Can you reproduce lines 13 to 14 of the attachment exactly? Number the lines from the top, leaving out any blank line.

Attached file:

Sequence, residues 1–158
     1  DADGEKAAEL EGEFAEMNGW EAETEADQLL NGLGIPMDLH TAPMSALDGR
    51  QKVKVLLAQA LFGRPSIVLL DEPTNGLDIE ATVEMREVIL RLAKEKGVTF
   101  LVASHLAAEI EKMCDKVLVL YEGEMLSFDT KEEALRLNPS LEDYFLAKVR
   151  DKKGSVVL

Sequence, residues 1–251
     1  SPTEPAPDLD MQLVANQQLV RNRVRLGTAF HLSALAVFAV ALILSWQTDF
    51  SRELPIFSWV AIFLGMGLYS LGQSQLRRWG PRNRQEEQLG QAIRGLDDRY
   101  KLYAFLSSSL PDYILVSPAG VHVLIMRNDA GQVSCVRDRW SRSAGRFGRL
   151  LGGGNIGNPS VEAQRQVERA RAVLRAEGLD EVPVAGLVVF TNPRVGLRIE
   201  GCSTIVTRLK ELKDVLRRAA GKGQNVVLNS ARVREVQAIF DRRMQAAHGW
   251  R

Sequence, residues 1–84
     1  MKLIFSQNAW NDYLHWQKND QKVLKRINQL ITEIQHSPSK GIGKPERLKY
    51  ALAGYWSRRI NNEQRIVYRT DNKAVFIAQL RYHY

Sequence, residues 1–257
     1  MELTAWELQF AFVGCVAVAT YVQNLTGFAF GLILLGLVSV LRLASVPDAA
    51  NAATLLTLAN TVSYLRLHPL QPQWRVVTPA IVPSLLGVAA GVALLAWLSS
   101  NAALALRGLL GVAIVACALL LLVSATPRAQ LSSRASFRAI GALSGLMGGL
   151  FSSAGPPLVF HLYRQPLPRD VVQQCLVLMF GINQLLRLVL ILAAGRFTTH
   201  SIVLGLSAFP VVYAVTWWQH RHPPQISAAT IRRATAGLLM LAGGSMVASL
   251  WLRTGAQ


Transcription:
Sequence, residues 1–84
     1  MKLIFSQNAW NDYLHWQKND QKVLKRINQL ITEIQHSPSK GIGKPERLKY